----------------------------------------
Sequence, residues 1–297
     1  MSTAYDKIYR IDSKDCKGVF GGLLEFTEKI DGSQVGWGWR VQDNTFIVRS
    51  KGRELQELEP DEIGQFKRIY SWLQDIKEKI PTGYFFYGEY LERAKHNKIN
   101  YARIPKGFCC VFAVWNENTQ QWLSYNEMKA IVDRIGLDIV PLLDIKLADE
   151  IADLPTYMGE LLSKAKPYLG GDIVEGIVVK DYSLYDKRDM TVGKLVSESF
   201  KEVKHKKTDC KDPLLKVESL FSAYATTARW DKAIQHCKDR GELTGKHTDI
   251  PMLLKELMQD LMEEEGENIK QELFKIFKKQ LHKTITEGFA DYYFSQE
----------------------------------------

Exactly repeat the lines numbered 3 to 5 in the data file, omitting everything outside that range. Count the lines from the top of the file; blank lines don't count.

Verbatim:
    51  KGRELQELEP DEIGQFKRIY SWLQDIKEKI PTGYFFYGEY LERAKHNKIN
   101  YARIPKGFCC VFAVWNENTQ QWLSYNEMKA IVDRIGLDIV PLLDIKLADE
   151  IADLPTYMGE LLSKAKPYLG GDIVEGIVVK DYSLYDKRDM TVGKLVSESF